• Incentive Stock Options (ISOs): While you don’t owe taxes when exercising your ISOs, you may be responsible for paying capital gains tax if you sell your shares for a profit. Also, you could be subject to the dreaded Alternative Minimum Tax, depending on your income and the value of the ISOs.
  • Non-Qualified Stock Options (NQSOs): Your shares will typically be subject to ordinary income taxes if you do a same-day sale of NQSOs. 
  • Restricted Stock Units (RSUs): When these shares vest, it is as if you were given a cash bonus. Shares are usually withheld to cover the taxes which are at the ordinary income tax rate. When you go to sell, you may need to pay capital gains tax on the profits.

Timing: Timing is an important factor in minimizing your tax liability on equity comp. Both ordinary income tax and capital gains tax are based on your total taxable income. Waiting to exercise or sell your options until a below-average income year could help reduce your overall tax liability.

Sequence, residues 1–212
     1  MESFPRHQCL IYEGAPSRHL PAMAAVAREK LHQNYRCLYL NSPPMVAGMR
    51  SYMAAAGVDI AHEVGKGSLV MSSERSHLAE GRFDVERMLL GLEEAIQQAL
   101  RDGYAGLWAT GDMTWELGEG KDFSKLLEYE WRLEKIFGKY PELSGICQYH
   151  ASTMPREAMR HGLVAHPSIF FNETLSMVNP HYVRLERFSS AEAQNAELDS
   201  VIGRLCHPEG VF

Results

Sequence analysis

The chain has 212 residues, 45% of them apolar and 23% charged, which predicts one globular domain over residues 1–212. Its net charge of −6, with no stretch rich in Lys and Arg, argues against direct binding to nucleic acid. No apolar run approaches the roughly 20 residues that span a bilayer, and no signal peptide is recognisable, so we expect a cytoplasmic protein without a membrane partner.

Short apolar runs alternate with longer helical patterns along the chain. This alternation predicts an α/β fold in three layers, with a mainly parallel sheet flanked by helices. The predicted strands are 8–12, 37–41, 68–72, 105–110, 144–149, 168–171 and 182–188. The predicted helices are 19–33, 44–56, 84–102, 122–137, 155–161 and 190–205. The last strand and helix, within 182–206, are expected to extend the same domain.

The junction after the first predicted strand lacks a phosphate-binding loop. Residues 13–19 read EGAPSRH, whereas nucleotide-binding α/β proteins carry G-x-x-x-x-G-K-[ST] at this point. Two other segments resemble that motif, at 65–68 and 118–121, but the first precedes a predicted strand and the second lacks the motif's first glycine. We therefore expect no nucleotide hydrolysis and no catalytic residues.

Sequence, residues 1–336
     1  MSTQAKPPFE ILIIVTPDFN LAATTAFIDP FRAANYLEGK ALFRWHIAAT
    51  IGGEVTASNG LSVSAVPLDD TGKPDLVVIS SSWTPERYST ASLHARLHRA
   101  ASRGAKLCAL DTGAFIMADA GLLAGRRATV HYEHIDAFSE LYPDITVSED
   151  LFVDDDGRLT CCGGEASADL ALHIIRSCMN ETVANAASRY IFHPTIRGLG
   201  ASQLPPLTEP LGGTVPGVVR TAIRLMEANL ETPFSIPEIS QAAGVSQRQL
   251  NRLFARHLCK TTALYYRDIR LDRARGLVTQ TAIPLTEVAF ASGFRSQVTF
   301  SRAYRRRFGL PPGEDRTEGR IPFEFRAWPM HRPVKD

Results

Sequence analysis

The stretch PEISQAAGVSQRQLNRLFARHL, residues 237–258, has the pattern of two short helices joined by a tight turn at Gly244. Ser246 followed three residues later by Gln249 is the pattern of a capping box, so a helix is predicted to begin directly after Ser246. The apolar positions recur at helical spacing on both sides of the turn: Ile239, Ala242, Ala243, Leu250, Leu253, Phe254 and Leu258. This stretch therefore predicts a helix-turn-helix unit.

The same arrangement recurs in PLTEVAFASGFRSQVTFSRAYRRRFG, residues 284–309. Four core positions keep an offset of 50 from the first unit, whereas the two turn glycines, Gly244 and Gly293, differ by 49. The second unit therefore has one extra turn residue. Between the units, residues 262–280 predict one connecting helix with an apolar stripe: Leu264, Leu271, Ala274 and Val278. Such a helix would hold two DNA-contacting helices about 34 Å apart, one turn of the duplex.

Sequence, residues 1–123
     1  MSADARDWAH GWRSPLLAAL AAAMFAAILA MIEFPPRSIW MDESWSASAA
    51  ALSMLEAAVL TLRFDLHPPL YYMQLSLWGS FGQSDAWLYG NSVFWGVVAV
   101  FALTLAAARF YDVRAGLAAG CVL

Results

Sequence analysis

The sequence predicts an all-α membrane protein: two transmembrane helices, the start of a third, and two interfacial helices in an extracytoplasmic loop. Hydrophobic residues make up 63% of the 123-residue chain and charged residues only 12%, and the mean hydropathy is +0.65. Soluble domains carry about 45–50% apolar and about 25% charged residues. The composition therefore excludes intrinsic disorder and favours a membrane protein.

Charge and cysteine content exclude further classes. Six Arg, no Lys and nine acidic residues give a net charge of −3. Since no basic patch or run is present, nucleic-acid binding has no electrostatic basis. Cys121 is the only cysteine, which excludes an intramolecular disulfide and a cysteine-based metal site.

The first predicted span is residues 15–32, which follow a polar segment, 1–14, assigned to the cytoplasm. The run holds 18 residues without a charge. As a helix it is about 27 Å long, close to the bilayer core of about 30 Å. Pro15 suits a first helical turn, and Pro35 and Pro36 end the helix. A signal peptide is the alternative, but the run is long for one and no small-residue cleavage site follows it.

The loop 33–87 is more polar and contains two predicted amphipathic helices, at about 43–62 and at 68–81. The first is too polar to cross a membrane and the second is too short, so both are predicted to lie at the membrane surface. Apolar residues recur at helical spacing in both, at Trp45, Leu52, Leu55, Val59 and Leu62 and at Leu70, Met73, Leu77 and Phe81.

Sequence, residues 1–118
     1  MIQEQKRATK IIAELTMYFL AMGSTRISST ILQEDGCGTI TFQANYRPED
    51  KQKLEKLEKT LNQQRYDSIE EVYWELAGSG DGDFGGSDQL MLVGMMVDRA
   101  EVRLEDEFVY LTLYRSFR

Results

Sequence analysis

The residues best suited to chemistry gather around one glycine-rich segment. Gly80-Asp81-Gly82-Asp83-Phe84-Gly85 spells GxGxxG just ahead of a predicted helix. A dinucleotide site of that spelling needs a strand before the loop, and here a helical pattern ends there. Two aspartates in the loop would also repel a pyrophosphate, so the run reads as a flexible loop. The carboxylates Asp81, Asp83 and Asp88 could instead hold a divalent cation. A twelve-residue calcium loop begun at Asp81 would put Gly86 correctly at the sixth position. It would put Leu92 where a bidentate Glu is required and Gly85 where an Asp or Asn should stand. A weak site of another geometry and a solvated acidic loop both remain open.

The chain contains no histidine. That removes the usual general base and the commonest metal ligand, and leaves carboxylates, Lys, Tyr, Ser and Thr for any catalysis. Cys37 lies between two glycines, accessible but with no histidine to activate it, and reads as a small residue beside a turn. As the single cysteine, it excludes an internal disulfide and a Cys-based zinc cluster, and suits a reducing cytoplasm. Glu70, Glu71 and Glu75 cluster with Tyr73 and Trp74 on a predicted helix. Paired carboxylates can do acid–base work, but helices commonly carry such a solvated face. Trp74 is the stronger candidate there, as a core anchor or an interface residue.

Capital Gains: Keep in mind that holding onto your shares for at least a year after they vest can save you on taxes. If you sell your shares within a year of owning them, the gains will be subject to a short-term capital gains rate—which is the same as your ordinary income tax rate. If you wait to sell for at least a year, you’ll be taxed at the long-term capital gains rate, which caps out at 20% (less than most tech employees’ ordinary income tax rate). Keep in mind – this can be a tricky aspect of ISOs. Investors should make sure they know the rules and ideal timing before exercising their options and/or selling. 

Withholding Taxes: With RSUs in particular, your employer is required to withhold some units to cover your tax liability when they vest. But for high earners, the amount withheld may not be enough to cover the total tax bill. Work with your advisor or tax professional to figure out how much extra cash you’ll need to cover the tax bill come April.